Minnesotans don't, interestingly enough, define lakes by size. Instead, according to the Minnesota Department of Natural Resources, a lake is "an area of open, relatively deep water that is large enough to produce a wave-swept shore." A functional, not an anatomic, definition, and suitably vague: how open? How deep? What is "large enough"? And "wave-swept shore?" That's a poem, not a definition.


Or take craters on the moon. The moon is pockmarked with impact craters, the residue of eons of meteoric bombardment. There is little water on the moon, or they would be called lakes and covered by Minnesota state law. Instead the honor belongs to the International Astronomical Union, which vets the naming process. But the issue is the same: how big a pockmark before you name a crater? Who decides, and what are the rules?


The large craters, the ones easily visible to the naked eye or primitive telescopes, tended to be named after great astronomers (Tycho, Copernicus, Kepler), but the number of craters exploded as the resolving capacity of telescopes improved, and as satellites opened up the real estate on the far side of the moon. There are estimated to be roughly 300,000 craters a kilometer or larger in diameter on the near side of the moon alone.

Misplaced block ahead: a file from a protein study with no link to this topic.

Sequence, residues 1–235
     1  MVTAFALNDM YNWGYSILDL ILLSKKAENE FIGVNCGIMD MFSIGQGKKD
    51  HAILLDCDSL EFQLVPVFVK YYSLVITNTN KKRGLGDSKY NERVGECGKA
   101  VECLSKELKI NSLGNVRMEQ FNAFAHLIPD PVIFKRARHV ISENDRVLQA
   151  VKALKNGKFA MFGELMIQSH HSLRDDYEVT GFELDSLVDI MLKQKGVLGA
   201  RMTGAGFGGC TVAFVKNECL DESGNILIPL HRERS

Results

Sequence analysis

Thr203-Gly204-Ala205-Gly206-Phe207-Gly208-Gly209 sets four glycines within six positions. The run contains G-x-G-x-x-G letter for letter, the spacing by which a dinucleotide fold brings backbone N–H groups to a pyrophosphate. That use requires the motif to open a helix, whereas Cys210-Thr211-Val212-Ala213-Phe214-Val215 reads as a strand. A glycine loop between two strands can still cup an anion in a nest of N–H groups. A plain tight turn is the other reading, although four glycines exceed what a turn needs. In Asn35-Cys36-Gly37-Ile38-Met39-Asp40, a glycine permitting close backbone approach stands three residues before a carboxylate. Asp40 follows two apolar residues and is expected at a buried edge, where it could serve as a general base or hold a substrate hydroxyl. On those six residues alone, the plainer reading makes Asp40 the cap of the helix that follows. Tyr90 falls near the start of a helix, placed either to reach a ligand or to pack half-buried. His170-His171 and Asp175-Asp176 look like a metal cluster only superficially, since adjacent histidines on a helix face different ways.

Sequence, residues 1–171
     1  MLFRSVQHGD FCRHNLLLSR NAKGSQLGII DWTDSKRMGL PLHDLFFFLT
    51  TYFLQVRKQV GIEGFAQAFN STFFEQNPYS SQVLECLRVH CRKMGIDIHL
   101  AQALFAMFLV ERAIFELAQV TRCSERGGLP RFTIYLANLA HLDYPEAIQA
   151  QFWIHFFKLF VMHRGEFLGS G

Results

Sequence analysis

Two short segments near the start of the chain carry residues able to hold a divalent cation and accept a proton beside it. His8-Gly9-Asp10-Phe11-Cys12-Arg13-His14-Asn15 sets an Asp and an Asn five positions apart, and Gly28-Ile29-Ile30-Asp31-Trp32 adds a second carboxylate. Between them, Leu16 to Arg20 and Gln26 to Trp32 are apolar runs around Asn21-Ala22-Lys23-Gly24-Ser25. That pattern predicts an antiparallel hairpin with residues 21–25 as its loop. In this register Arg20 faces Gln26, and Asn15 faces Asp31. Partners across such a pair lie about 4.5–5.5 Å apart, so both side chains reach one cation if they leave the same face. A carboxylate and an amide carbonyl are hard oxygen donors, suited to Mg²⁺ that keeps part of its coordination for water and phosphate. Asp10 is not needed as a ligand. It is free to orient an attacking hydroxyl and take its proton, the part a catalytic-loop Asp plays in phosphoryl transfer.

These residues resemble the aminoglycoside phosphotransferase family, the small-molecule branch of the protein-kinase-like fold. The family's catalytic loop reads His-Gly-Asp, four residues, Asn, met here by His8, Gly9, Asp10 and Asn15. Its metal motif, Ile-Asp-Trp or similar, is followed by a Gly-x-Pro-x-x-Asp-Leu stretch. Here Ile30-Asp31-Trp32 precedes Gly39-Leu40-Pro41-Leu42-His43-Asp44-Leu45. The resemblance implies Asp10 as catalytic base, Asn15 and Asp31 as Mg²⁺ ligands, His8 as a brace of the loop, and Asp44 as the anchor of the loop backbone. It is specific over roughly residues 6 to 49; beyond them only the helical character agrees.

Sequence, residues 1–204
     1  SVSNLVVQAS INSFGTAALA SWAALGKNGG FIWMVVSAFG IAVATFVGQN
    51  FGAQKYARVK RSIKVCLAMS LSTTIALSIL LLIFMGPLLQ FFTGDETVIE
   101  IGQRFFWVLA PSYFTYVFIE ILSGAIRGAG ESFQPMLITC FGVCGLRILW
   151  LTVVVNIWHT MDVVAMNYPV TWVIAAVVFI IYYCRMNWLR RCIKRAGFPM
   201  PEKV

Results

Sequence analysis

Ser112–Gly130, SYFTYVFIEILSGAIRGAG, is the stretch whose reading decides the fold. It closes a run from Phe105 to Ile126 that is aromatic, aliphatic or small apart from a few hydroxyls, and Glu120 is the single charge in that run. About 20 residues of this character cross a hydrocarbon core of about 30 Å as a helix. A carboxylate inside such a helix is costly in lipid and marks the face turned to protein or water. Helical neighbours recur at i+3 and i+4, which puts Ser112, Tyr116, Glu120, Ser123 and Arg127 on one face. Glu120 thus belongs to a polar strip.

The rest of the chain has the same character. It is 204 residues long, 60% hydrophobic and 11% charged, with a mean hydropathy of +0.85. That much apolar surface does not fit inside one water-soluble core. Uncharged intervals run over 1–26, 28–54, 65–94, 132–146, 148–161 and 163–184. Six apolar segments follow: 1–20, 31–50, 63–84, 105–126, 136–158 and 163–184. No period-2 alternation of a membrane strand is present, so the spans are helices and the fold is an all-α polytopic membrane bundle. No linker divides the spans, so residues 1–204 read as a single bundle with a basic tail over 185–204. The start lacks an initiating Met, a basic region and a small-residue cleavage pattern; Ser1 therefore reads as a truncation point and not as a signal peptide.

Obviously many craters remain unnamed. Most of the larger ones are named after scientists, artists, or explorers. Some 45 craters have been named after Nobel laureates alone: we probably have some of the smartest craters in the universe.


I'd like to propose that we name a few of them after prominent (one hesitates to use the word "famous") oncologists: Farber, Zubrod, DeVita, Einhorn, or... well, no, that would be immodest. Maybe a little crater? OK, I accept. But only if you get one too.


Back to the naming of human diseases. We used to think of diseases as discrete entities, as opposed to more loosely defined collections of signs and symptoms, which we denoted as syndromes. But it's increasingly obvious how fragmented a "disease" may be. To quote Jonathan Swift:


Great fleas have little fleas upon their backs to bite 'em,


And little fleas have lesser fleas, and so ad infinitum.



Take, if you will, the delightfully named Charcot-Marie-Tooth disease. Leaving aside the fact that it took three names to eponynymize the disease, and the obvious questions (was Marie Charcot's main squeeze, and did he have cavities that needed fixing?), this neurological disease is a namer's nightmare. CMT is divided into several major types (with boring names such as CMT 1, 2, 3, 4, 5, 6, and X), and each type has subtypes, defined by distinctive molecular lesions.


All told, CMT has some 46 different genetic subtypes, which is not bad for a disease that affects only 1 in every 2500 people. Should each subtype have a name? I vote yes, but the neurologists apparently don't care for my opinion, though CMT3 has the rather cool-sounding eponym of Dejerine-Sottas disease.